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Full Trotsky: EFF deals with Andile Mngxitama

On Thursday, the Economic Freedom Fighters released a press release dealing with their misbehaving ideologue-in-chief Andile Mngxitama. As the nascent party girds for a year of war, it is putting to rest its internal squabbles with no less pageantry than it deals with its external threats. By RICHARD POPLAK.

“Why are you calling me when I’m in trouble?” asked a chuckling Andile Mngxitama, when I reached him by phone on Thursday afternoon. Reporters, as Mngxitama is well aware, never call when life is peaceful, so I’d guess the question was rhetorical. Trouble? I wanted to find out what he had to say about a knee-to-the-crotch press release the Economic Freedom Fighters had issued at his expense, in order to deal with Fighter Mngxitama’s increasing outspokenness.

The party has decided to go for my character,” he explained, “and politically assassinate me.”

As far as political assassinations go, I’d give this one a solid 7/10. On Thursday morning, the EFF released a statement, signed off by sniper-in-chief Mbuyiseni Ndlozi, that took Mngxitama to task for allegedly leaking to the press (mis)information regarding the party’s purchase of a swank Golf GTI. Then there were Mngxitama’s claims, during a recent SABC interview, in which he thumped his party for continuing to support a member of the North West legislature named Papiki Babuile, who happened to be a leading member of a posse convicted for killing one-time ANC regional secretary David Chika.

Babuile is a nasty piece of work—less a political assassin than actual assassin—and Mngxitama told the SABC that he found it shocking that the EFF had kept him on the books. “Our party is taking the position of continuing to pay the salary of a convicted murderer… a murder that has nothing to do with the Economic Freedom Fighters. This suggests that the party is failing [to uphold] the very high standards we set for others for accountability and also fighting corruption.”

(The party insisted that it would not act until his appeal had been considered, but Babuile doesn’t stand a chance against even the drunkest of judges).

Should Mngxitama be ejected from the party for making these claims, “then it would be confirmation that we have indeed imported the worst of the cultures of the ANC into the EFF,” he told the national broadcaster.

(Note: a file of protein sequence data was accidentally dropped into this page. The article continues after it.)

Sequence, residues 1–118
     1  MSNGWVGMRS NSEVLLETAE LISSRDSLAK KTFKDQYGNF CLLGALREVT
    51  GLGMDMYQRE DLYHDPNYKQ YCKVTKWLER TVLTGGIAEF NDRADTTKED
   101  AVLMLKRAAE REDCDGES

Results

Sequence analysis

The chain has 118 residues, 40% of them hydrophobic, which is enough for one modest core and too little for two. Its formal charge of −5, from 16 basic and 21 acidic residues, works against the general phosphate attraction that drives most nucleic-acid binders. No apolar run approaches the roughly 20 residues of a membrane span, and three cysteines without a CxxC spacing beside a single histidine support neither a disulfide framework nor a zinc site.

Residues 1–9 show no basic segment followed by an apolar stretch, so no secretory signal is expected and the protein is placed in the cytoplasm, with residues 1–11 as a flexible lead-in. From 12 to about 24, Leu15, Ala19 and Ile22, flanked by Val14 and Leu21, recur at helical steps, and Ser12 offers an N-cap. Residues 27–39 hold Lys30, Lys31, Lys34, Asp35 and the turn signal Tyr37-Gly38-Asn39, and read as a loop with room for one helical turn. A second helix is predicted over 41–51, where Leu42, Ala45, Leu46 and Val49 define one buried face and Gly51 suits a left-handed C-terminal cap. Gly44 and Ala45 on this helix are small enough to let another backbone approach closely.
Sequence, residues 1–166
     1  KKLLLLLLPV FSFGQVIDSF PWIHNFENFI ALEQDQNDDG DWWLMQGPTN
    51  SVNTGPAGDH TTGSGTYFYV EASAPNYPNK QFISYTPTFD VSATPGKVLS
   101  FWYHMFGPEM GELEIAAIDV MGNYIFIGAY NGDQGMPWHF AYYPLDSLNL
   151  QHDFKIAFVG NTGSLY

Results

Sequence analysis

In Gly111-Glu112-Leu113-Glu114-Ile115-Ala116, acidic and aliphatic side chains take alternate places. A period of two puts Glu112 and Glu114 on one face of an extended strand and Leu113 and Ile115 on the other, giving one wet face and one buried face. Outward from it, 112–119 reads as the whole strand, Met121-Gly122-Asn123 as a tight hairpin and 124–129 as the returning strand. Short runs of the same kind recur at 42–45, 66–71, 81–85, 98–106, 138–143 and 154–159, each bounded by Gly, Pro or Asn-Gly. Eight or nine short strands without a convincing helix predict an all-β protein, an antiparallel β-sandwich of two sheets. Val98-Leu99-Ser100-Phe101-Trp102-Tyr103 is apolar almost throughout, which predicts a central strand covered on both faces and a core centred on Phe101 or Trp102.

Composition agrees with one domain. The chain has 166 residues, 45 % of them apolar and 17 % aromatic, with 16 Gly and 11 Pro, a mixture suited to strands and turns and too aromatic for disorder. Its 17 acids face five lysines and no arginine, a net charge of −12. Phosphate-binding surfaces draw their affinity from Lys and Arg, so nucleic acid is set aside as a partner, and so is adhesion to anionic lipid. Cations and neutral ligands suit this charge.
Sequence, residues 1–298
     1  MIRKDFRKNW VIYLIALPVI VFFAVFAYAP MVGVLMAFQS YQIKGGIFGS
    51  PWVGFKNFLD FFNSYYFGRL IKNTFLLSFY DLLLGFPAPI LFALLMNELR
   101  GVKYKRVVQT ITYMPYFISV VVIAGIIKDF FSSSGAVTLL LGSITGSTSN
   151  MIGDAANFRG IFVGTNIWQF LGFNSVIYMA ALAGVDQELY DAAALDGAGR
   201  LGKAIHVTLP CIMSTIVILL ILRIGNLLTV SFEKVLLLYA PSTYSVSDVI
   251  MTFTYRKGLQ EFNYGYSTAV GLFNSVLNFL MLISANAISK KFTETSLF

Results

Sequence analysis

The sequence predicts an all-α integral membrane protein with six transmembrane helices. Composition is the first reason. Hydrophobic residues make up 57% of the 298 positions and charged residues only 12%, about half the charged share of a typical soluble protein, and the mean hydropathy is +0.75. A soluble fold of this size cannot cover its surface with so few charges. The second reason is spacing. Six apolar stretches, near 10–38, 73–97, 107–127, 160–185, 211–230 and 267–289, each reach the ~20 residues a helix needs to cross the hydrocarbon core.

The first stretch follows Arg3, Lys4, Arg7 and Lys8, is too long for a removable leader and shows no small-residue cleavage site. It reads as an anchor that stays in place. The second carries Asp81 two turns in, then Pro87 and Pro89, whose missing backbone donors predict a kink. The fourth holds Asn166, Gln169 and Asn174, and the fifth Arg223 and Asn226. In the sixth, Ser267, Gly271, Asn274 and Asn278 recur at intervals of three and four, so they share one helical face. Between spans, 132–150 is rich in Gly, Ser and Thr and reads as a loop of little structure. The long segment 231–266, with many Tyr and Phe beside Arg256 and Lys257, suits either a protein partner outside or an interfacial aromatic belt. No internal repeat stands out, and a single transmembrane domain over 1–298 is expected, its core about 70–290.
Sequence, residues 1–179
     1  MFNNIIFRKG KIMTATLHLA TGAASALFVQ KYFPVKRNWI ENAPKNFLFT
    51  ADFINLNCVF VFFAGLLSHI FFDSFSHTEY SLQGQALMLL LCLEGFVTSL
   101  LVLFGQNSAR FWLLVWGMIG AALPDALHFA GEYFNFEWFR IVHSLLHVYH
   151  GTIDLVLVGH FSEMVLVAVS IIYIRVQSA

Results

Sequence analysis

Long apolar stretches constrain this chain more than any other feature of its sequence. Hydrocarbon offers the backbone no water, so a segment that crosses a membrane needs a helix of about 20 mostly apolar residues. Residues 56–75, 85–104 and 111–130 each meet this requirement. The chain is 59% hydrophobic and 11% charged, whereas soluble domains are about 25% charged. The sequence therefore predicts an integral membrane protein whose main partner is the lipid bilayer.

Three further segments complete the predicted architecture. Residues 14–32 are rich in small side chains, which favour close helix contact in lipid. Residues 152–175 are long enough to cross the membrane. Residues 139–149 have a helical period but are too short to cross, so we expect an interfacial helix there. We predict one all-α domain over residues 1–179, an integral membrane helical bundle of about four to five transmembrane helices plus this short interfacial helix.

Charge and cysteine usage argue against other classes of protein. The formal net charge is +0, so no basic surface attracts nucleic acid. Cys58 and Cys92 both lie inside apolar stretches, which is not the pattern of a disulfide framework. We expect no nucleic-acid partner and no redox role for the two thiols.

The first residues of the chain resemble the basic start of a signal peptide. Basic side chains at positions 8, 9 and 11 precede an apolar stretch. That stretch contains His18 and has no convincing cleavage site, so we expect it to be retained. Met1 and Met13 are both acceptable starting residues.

Now, for anyone who is even tangentially aware of Julius Malema’s record as a bareknuckle political brawler, this was the equivalent of begging for a beatdown. And when the beatdown arrived, courtesy Ndlozi, it was swift and unforgiving. But could any marriage between an unbending Bikoist and a supple political pragmatist ever end in anything but a nasty split? As Mngxitama told The Con in late 2013, shortly after ditching the September National Imbizo outfit for the EFF:

“For me, the intentions of a revolutionary are not that important. What is important is whether the articulation of a project is consistent with the possibility to bring change. The ANC has very good intentions but its actual process fucks up black people.” So long as Julius Malema was willing to build a party that would take the country forward—and by forward, think Zambia in the 1960s—then it didn’t matter why he was doing so. “I can’t imagine any political process which has, one way or the other, not been complicated by alliance building, joining up,” continued Mngxitama. “Lenin is the ultimate revolutionary of the 20th century and he joined up with many people at different times.”

When Malema demanded “expropriation without compensation” while running the ANCYL, he pushed the alliance into an ideological corner that it was too obese to inhabit. It was Mngxitama’s task to build a team that would install the EFF comfortably in that corner. The party’s “seven cardinal pillars” and subsequent election manifesto, which Mngxitama helped draft, articulated a left wing alternative to the ANC’s grab-first-and-ask-questions-later neo-liberalism. This was a late night hook-up between men who were in almost all matters opposites, but who nonetheless shared a vision. A vision iterated by Mngxitama, who was anointed the party’s ideologue-in-chief and, with scraggly Castro beard and cryptic Marxist text messages, played the role to perfection.

Which would have been fine and well, were Malema and Mngxitama the only people in the EFF. But throw in Floyd Shivambu, Dali Mpofu and a host of other personalities with either ties to the ANC Youth League or ideological positions that could best be described an “undefined”, and you have—well, you have a political party. And Mngxitama, after the high of winning 25 parliamentary seats in the 2014 General Election started to wear off, no longer fit in. He seemed to expect Malema to act like an incarnation of Thomas Sankara or Khotso Seatlholo; he wanted the party to talk more about a genuine leftist revolution (heads in buckets) than the sanctity of the Freedom Charter (the land belongs to everyone).